I watched Erin Burnett Out Front on CNN last Thursday and heard arguments about whether or not Mexican Barbie depicts racism.
I’ve read both positive and negative comments about the doll coming from women with Latin-American last names.
The woman on the show arguing against the doll pretty much hates Barbies in general.
She says the dolls set unrealistic standards of beauty for little girls, that they are the reason young women grow up anorexic, bulimic, depressed, suicidal, etc.
She also said it was wrong for Mexican Barbie to have a passport and a Chihuahua.
Here I go:
I have Mexican friends who own hot pink frilly dresses.
This particular dress is the regional attire for cultural dancers in the state of Jalisco.
Sometimes my friends throw parties to get together and dance on stage in front of everyone.
(If you don’t believe me, you can watch the video minute 11:37).
I also have Mexican friends who own Chihuahua dogs.
Not because it is a Mexican breed of dog, but because it is a small dog and us Mexicans tend to have less real estate than say- White people.
So having a small dog if you live with several other people in a small house is just more practical.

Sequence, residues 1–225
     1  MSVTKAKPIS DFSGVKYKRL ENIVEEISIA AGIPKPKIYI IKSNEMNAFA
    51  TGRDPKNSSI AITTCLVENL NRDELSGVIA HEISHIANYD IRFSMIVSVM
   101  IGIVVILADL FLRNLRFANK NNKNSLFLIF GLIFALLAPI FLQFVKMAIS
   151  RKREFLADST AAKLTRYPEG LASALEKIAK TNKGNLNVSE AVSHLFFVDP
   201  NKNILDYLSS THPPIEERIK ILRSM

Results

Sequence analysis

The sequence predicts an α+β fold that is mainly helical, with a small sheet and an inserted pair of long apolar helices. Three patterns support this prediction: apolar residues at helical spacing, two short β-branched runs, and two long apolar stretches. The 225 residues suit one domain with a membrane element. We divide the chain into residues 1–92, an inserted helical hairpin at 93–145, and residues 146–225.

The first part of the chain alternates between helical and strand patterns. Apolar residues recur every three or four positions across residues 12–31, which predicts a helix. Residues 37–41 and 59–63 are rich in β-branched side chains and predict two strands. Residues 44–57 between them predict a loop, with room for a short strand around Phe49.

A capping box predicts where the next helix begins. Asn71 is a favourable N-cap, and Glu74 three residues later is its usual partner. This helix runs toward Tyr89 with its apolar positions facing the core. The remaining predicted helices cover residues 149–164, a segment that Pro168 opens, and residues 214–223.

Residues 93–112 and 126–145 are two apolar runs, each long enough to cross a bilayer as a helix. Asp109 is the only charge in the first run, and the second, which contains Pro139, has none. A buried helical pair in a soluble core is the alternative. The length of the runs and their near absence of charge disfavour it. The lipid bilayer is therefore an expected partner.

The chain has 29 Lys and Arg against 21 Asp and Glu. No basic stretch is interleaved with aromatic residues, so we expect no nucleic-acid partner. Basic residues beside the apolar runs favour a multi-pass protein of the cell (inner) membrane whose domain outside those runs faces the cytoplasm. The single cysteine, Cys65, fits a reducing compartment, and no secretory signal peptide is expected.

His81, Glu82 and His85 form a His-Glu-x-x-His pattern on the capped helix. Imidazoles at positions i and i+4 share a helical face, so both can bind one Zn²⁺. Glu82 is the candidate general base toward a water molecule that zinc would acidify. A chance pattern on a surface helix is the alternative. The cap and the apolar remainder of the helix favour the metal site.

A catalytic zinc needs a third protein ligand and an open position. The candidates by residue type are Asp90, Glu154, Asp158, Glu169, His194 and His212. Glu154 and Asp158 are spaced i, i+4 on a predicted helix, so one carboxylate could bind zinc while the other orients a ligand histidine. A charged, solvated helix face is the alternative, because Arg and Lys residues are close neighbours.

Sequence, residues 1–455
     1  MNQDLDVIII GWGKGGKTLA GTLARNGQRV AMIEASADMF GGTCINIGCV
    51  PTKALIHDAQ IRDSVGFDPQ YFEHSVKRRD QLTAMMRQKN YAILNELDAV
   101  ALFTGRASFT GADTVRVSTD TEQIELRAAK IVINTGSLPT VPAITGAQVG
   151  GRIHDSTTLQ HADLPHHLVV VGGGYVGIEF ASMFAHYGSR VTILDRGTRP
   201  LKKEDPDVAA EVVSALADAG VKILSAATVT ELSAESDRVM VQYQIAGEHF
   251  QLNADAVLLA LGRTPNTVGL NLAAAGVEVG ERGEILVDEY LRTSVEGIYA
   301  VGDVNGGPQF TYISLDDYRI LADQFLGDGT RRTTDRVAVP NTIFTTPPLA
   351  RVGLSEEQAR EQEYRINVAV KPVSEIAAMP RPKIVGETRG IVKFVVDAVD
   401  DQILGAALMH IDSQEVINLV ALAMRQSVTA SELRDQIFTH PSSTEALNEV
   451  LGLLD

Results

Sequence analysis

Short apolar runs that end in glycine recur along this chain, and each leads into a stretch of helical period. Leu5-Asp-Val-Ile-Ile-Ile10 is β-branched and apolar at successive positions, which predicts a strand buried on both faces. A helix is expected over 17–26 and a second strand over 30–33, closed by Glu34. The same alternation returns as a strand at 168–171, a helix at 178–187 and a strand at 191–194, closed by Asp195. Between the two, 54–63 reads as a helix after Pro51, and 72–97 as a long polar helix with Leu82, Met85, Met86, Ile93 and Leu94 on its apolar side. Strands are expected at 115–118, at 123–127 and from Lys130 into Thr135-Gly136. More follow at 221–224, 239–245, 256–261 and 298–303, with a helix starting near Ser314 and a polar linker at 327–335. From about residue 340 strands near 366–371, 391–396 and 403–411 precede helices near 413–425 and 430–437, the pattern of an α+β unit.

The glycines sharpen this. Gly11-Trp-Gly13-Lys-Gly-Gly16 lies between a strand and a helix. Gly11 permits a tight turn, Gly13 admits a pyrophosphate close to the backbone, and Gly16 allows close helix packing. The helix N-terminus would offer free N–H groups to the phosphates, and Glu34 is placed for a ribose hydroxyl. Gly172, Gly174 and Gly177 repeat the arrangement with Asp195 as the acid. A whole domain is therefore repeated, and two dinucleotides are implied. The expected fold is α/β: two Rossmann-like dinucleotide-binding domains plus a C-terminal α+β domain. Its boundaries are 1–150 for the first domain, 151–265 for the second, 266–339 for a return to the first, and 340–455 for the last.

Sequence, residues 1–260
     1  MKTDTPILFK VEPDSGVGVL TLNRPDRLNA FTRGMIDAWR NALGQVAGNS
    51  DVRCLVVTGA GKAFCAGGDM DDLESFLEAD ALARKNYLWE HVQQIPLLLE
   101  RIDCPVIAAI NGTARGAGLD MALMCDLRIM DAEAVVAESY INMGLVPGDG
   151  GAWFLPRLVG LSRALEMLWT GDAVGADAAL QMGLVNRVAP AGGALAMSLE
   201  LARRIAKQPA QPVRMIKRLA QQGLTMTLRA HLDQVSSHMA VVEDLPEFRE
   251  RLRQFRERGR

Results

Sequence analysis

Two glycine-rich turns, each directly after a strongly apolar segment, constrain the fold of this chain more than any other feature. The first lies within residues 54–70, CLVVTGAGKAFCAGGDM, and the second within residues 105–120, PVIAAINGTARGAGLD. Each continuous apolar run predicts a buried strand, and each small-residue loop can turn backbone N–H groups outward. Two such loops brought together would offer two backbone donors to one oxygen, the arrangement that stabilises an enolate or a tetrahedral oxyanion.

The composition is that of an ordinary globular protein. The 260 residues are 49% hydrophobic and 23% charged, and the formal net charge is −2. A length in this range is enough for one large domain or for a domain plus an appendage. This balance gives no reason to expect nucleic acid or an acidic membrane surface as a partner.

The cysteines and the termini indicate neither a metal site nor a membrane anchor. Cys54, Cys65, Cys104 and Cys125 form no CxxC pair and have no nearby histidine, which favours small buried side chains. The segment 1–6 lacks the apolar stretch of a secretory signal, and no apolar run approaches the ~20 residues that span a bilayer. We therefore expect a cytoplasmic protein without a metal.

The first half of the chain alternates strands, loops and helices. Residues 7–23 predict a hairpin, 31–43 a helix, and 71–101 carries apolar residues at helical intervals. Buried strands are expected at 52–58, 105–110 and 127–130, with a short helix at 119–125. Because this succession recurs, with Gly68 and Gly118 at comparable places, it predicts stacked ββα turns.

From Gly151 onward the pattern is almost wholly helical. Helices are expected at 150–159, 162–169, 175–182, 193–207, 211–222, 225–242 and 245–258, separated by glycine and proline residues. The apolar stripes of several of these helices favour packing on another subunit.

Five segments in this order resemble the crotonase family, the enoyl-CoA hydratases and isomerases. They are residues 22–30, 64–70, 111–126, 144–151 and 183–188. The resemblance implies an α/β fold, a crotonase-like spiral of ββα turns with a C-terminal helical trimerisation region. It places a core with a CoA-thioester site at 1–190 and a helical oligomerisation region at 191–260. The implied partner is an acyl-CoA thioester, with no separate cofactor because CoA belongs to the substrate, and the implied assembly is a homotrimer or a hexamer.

As for the passport?
I have lots of Mexican friends who have those too.
What’s the big deal? Don’t white people have passports? I think Black people do too.
Mexican Barbie isn’t even a new thing.
When I was little, I had 16 Barbies and two Kens and one or two babies.
Not all the Barbies were white. Barbie had racially diverse friends.
One of them, a tanned brunette sold by Mattel under the name of Theresa, was my favorite. In fact, I still have her.
Plus another red-head variation wearing a typical Mexican knit dress my grandmother made for her.
Is that racist?
I had my dad make them a Barbie dream house to my specifications, plus they had a Barbie mall and a Barbie ranch, and of course, the Barbie Corvette.
My friends and I would sew clothes and make minute jewelry for them which they would sell and buy at the mall, where they would also have their hair done.
While Barbies were at work one of the Kens stayed home to cook and do laundry.
The other Ken tended to the ranch with another Barbie.
But there was always something funny about the way Barbie looked.
It didn’t have to do with her dimensions.
Let me explain.
When I was eight, my friend Elenita and I were creating soap-opera style dialogues for our dolls.
One of the Kens cheated on his wife with another Barbie.
It started as a kiss.
But then Elenita took their clothes off and- well- you know.
Ken had no penis.
Barbie had no vagina.
So obviously I grew up knowing Barbie dolls are not based on actual human anatomy.
I didn’t expect to look like her as an adult any more than I expected to look like a Cabbage Patch doll or stuffed Teddy Bear.
And as for the Bulimia/Anorexia thing?
Honestly if parents blame something that serious on the way a toy looks, maybe they just aren’t taking responsibility for their communication faults?